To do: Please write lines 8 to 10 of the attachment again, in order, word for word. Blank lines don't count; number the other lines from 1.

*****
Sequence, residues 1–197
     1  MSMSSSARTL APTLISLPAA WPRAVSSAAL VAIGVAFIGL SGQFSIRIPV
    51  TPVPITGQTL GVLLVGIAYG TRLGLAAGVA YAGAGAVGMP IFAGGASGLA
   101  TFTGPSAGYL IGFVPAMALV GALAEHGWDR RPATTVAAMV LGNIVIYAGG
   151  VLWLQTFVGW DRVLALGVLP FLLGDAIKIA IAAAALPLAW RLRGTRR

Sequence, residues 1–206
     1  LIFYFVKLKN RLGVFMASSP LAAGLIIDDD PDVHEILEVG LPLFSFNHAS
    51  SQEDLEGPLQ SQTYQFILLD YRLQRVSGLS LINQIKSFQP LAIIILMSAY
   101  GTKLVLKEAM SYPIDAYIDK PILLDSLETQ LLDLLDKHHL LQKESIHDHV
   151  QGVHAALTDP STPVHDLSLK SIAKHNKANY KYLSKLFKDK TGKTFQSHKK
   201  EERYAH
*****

    51  SQEDLEGPLQ SQTYQFILLD YRLQRVSGLS LINQIKSFQP LAIIILMSAY
   101  GTKLVLKEAM SYPIDAYIDK PILLDSLETQ LLDLLDKHHL LQKESIHDHV
   151  QGVHAALTDP STPVHDLSLK SIAKHNKANY KYLSKLFKDK TGKTFQSHKK